The optically determined size of exo/endo cycling vesicle pool correlates with the quantal content at the neuromuscular junction of Drosophila larvae.
According to the current theory of synaptic transmission, the amplitude of evoked synaptic potentials correlates with the number of synaptic vesicles released at the presynaptic terminals. Synaptic vesicles in presynaptic boutons constitute two distinct pools, namely, exo/endo cycling and reserve pools (). We defined the vesicles that were endocytosed and exocytosed during high K+ stimulation as the exo/endo cycling vesicle pool. To determine the role of exo/endo cycling vesicle pool in synaptic transmission, we estimated the quantal content electrophysiologically, whereas the pool size was determined optically using fluorescent dye FM1-43. We then manipulated the size of the pool with following treatments. First, to change the state of boutons of nerve terminals, motoneuronal axons were severed. With this treatment, the size of exo/endo cycling vesicle pool decreased together with the quantal content. Second, we promoted the FM1-43 uptake using cyclosporin A, which inhibits calcineurin activities and enhances endocytosis. Cyclosporin A increased the total uptake of FM1-43, but neither the size of exo/endo cycling vesicle pool nor the quantal content changed. Third, we increased the size of exo/endo cycling vesicle pool by forskolin, which enhances synaptic transmission. The forskolin treatment increased both the size of exo/endo cycling vesicle pool and the quantal content. Thus, we found that the quantal content was closely correlated with the size of exo/endo cycling vesicle pool but not necessarily with the total uptake of FM1-43 fluorescence by boutons. The results suggest that vesicles in the exo/endo cycling pool primarily participate in evoked exocytosis of vesicles. (+info)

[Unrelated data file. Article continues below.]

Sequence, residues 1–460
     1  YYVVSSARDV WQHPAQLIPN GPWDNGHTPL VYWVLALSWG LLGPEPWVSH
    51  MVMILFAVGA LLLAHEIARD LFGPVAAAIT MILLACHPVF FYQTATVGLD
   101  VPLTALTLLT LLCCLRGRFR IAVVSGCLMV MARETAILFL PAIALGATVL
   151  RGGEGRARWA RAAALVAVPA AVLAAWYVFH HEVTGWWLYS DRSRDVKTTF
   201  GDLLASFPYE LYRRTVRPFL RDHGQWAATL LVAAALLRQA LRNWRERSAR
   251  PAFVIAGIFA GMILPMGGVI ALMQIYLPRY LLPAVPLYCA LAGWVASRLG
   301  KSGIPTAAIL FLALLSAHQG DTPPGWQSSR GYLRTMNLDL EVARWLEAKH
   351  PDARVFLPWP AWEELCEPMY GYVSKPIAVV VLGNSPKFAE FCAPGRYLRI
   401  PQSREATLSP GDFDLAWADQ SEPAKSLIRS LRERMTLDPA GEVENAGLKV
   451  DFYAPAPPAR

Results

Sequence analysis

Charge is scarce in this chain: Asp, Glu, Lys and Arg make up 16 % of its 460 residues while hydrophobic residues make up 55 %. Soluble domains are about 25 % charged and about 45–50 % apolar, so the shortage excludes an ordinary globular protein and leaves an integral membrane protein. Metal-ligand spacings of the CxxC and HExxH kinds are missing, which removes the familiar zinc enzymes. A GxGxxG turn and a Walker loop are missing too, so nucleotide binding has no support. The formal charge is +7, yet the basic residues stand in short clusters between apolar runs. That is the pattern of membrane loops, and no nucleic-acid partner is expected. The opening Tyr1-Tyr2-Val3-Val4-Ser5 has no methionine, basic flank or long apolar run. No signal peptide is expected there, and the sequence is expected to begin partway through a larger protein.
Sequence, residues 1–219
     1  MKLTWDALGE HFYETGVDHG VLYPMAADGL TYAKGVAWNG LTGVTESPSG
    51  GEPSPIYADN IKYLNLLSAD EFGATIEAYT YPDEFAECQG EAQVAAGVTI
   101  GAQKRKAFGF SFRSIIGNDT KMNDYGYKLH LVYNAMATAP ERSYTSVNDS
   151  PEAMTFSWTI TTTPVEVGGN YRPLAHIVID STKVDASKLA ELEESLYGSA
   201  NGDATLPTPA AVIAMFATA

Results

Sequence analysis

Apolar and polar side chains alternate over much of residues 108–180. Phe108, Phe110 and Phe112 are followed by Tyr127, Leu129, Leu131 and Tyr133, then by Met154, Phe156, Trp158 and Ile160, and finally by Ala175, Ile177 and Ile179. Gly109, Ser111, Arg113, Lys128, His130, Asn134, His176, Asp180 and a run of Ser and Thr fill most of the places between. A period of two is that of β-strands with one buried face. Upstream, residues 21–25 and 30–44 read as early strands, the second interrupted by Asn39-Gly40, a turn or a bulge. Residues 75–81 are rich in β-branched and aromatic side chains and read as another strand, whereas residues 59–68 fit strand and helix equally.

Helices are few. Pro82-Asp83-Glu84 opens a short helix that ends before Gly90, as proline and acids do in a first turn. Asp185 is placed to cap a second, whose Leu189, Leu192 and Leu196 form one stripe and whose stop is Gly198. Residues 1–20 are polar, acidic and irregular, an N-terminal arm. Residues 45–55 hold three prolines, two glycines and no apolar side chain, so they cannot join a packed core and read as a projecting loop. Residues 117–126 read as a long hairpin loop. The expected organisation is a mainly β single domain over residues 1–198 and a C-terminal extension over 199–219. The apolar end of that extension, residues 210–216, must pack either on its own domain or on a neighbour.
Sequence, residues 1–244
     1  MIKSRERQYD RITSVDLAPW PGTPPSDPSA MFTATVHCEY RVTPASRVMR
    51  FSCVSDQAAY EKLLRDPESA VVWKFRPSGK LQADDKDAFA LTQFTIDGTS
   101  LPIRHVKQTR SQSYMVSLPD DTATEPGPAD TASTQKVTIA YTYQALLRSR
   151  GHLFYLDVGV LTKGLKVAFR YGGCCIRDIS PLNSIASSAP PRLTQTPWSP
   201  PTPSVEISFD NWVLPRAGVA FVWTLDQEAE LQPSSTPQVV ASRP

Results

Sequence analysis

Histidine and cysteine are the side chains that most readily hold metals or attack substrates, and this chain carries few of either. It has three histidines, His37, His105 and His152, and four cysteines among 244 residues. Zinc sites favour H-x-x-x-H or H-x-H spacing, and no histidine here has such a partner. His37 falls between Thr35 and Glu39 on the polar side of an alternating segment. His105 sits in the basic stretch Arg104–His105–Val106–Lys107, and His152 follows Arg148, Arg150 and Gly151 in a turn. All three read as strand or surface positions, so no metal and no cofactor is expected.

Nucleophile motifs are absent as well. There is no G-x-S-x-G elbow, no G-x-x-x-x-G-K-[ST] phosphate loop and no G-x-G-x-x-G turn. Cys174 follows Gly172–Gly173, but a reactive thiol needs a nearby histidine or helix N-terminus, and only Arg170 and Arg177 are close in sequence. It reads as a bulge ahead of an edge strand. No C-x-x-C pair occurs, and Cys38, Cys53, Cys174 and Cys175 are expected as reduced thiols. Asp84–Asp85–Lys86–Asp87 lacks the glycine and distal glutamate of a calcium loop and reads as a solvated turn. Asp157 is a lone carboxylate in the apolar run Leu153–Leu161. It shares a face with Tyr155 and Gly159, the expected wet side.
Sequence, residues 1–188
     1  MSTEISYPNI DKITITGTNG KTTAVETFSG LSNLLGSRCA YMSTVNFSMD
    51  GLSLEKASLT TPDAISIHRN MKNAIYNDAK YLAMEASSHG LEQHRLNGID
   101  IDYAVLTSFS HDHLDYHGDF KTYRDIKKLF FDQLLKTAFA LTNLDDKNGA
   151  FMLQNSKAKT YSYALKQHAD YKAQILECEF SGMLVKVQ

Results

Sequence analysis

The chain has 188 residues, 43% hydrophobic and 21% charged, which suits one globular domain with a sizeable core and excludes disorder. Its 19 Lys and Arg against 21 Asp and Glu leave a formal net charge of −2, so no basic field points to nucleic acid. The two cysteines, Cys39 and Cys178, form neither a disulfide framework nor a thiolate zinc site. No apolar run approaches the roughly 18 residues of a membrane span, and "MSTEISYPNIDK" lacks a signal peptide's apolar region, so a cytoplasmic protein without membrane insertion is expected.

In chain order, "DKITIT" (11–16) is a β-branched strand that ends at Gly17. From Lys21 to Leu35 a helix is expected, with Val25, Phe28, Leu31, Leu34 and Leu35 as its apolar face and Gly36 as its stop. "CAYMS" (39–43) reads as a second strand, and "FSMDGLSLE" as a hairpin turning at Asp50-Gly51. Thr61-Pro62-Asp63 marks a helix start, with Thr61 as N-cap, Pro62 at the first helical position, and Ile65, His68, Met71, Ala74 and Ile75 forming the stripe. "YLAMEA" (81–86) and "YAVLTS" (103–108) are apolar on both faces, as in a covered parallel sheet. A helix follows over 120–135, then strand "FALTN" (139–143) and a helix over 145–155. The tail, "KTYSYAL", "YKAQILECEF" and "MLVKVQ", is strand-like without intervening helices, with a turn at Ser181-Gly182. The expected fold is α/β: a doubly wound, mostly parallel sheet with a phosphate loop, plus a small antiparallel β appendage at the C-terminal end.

The interaction of n-tetraalkylammonium compounds with a human organic cation transporter, hOCT1.
Polyspecific organic cation transporters in epithelia play an important role in the elimination of many endogenous bioactive amines and therapeutically important drugs. Recently, the first human organic cation transporter (hOCT1) was cloned from liver. The purpose of the current study was to determine the effect of molecular size and hydrophobicity on the transport of organic cations by hOCT1. We studied the interaction of a series of n-tetraalkylammonium (n-TAA) compounds (alkyl chain length, N, ranging from 1 to 6 carbons) with hOCT1 in a transiently transfected human cell line, HeLa. [14C]tetraethylammonium (TEA) uptake was measured under different experimental conditions. Both cis-inhibition and trans-stimulation studies were carried out. With the exception of tetramethylammonium, all of the n-TAAs significantly inhibited [14C]TEA uptake. A reversed correlation of IC50 values (range, 3.0-260 microM) with alkyl chain lengths or partition coefficients (LogP) was observed. trans-Stimulation studies revealed that TEA, tetrapropylammonium, tetrabutylammonium, as well as tributylmethylammonium trans-stimulated TEA uptake mediated by hOCT1. In contrast, tetramethylammonium and tetrapentylammonium did not trans-stimulate [14C]TEA uptake, and tetrahexylammonium demonstrated an apparent "trans-inhibition" effect. These data indicate that with increasing alkyl chain lengths (N >/= 2), n-TAA compounds are more poorly translocated by hOCT1 although their potency of inhibition increases. Similar findings were obtained with nonaliphatic hydrocarbons. These data suggest that a balance between hydrophobic and hydrophilic properties is necessary for binding and subsequent translocation by hOCT1. (+info)